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HOME : Pre-Columbian Art : Mayan Bowls, Plates and Vessels : Mayan Polychrome Bowl
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Mayan Polychrome Bowl - PF.6010
Origin: El Salvador
Circa: 500 AD to 900 AD
Dimensions: 3.25" (8.3cm) high x 6" (15.2cm) wide
Collection: Pre-Columbian
Style: Mayan
Medium: Terracotta

Location: United States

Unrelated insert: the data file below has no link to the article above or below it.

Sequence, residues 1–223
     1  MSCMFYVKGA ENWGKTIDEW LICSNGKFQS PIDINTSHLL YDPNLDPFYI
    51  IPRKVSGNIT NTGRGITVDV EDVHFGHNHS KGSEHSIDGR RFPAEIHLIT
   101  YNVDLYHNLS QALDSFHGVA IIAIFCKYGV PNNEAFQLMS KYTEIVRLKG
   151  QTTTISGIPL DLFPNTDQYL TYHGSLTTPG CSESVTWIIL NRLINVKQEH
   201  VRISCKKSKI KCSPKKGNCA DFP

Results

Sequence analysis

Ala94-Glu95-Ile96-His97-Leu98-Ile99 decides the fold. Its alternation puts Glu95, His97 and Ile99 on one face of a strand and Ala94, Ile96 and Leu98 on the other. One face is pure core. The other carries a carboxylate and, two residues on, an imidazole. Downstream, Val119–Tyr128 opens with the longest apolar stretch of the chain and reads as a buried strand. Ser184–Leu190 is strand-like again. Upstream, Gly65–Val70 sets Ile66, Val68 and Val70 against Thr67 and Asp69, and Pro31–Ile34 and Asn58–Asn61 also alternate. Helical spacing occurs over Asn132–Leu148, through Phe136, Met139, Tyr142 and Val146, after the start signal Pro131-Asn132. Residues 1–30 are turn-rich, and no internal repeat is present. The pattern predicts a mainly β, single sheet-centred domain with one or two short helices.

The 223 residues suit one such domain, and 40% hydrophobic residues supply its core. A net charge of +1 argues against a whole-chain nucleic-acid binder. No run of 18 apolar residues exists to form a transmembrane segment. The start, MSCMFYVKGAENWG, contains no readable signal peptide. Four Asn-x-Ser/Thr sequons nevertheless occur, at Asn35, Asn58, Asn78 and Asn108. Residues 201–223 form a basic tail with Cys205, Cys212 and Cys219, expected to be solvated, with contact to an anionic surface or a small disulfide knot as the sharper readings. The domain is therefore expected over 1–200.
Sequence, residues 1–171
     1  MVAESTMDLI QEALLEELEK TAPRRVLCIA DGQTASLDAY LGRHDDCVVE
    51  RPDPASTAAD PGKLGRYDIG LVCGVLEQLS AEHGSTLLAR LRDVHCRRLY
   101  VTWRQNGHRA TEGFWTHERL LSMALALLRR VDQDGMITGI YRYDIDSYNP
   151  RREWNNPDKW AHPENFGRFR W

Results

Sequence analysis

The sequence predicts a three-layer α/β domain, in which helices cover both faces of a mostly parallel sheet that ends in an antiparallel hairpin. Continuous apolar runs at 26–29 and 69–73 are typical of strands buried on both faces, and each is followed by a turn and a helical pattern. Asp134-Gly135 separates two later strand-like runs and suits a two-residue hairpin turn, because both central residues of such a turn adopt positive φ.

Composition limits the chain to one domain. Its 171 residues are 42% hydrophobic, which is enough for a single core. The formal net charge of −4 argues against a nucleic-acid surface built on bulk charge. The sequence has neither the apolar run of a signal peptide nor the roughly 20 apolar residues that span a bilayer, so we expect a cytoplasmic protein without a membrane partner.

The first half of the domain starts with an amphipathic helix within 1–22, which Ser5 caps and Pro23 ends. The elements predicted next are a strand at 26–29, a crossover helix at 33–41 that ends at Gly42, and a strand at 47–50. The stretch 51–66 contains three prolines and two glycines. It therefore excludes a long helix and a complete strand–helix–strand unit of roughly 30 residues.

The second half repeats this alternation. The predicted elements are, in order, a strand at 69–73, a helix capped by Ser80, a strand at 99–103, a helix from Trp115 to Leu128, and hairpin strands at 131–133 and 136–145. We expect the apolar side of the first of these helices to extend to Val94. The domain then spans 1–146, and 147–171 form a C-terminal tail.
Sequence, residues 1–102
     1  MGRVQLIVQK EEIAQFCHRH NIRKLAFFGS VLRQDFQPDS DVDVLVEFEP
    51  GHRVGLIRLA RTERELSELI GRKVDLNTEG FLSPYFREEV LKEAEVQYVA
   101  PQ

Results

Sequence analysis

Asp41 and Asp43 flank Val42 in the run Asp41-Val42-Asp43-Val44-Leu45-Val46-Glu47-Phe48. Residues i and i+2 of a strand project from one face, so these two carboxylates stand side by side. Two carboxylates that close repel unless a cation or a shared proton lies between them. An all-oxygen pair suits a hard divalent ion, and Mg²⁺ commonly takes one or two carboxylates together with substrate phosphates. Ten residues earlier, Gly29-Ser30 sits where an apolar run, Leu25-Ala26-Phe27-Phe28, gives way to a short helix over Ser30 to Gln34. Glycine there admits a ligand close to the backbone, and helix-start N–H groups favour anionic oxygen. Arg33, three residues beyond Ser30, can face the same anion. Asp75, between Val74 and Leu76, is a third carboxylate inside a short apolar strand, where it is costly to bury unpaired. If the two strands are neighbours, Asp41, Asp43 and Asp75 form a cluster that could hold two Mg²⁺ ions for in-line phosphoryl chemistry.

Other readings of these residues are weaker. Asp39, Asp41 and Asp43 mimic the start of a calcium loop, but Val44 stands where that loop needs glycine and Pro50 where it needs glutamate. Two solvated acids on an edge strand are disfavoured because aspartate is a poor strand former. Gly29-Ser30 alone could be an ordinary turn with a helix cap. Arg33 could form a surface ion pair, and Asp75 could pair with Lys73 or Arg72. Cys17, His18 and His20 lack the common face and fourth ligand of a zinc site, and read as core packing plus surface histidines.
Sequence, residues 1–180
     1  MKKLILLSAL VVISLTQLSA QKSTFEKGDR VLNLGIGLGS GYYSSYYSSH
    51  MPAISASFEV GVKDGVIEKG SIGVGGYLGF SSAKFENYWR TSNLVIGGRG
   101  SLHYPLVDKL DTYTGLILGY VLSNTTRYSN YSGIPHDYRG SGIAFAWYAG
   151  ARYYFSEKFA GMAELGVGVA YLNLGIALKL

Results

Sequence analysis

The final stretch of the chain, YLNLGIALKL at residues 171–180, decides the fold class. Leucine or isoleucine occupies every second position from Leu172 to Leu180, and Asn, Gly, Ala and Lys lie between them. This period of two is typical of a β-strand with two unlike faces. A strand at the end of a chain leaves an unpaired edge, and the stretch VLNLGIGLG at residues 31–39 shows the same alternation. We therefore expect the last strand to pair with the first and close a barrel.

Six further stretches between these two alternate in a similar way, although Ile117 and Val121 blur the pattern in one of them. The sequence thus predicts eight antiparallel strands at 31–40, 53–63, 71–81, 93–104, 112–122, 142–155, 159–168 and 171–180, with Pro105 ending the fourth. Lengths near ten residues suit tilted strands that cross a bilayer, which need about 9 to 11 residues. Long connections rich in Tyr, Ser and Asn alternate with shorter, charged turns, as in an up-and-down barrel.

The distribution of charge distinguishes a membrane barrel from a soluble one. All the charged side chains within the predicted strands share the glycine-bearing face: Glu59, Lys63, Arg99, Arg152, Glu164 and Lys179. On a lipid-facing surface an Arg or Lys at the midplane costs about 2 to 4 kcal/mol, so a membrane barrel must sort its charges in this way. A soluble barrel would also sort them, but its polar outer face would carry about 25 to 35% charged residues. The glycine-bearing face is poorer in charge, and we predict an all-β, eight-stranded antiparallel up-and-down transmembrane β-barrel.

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The Ancient Maya were undoubtedly the masters of ceramics in Mesoamerica. Few cultures anywhere in the world can compare to the level of sophisticated artistry of the paintings and elegant forms of the pottery that the Maya achieved. However, when one considers that all Mayan vessels were created without the aid of a potter’s wheel, their achievement becomes even that much more stunning. This vessel is a perfect example of Mayan ceramics. When we hold the bowl in our hands, we feel the subtle bumps and indentations that are the telltale signs of handcraftsmanship. While the interior rim of the vessel has been adorned with two black bands, the majority of the exterior has been painted black. However, the painter utilized the natural orange hue of the clay to create stunning reserve designs, much like the Ancient Greeks. A spotted black panther, with red highlights, crouches on his hind, tongue curling outwards as he looks backward, front paw held in the air. While this panther motif has been repeated twice, the spaces between them have been filled by a large black circle framed by a reserve orange circle with scalloped edges. Perhaps this represents an eclipse with the rays of the sun peeking out from behind the blocked sun? Surely the Mayan, master of astronomy that they were, must have been fascinated by this natural phenomenon. While this vessel appears to be a beautiful example of functional pottery, there was a greater purpose for this bowl than the transportation and containment of precious liquids. Discovered in a tomb, buried alongside a deceased ruler or high-ranking dignitary, this vase was as essential in the afterlife as it was in our world. - (PF.6010)


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